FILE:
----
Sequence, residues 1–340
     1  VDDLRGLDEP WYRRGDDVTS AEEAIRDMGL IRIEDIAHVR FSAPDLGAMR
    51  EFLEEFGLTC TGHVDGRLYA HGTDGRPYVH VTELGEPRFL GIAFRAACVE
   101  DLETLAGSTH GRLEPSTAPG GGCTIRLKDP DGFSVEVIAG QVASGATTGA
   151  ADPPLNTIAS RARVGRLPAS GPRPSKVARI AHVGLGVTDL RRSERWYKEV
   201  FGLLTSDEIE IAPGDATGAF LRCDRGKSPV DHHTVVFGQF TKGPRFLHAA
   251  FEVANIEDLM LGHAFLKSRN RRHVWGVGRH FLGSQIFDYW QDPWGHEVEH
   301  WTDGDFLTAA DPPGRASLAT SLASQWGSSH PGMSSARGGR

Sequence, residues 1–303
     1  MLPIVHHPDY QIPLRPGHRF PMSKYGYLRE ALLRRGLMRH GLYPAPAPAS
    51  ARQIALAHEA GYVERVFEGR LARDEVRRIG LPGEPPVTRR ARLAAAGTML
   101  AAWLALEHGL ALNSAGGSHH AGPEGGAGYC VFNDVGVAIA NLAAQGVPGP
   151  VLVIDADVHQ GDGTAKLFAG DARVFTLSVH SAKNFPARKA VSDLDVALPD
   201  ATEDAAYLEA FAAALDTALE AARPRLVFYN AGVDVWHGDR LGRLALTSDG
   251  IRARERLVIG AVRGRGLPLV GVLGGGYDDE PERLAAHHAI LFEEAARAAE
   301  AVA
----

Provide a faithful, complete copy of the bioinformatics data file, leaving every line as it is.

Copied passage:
Sequence, residues 1–340
     1  VDDLRGLDEP WYRRGDDVTS AEEAIRDMGL IRIEDIAHVR FSAPDLGAMR
    51  EFLEEFGLTC TGHVDGRLYA HGTDGRPYVH VTELGEPRFL GIAFRAACVE
   101  DLETLAGSTH GRLEPSTAPG GGCTIRLKDP DGFSVEVIAG QVASGATTGA
   151  ADPPLNTIAS RARVGRLPAS GPRPSKVARI AHVGLGVTDL RRSERWYKEV
   201  FGLLTSDEIE IAPGDATGAF LRCDRGKSPV DHHTVVFGQF TKGPRFLHAA
   251  FEVANIEDLM LGHAFLKSRN RRHVWGVGRH FLGSQIFDYW QDPWGHEVEH
   301  WTDGDFLTAA DPPGRASLAT SLASQWGSSH PGMSSARGGR

Sequence, residues 1–303
     1  MLPIVHHPDY QIPLRPGHRF PMSKYGYLRE ALLRRGLMRH GLYPAPAPAS
    51  ARQIALAHEA GYVERVFEGR LARDEVRRIG LPGEPPVTRR ARLAAAGTML
   101  AAWLALEHGL ALNSAGGSHH AGPEGGAGYC VFNDVGVAIA NLAAQGVPGP
   151  VLVIDADVHQ GDGTAKLFAG DARVFTLSVH SAKNFPARKA VSDLDVALPD
   201  ATEDAAYLEA FAAALDTALE AARPRLVFYN AGVDVWHGDR LGRLALTSDG
   251  IRARERLVIG AVRGRGLPLV GVLGGGYDDE PERLAAHHAI LFEEAARAAE
   301  AVA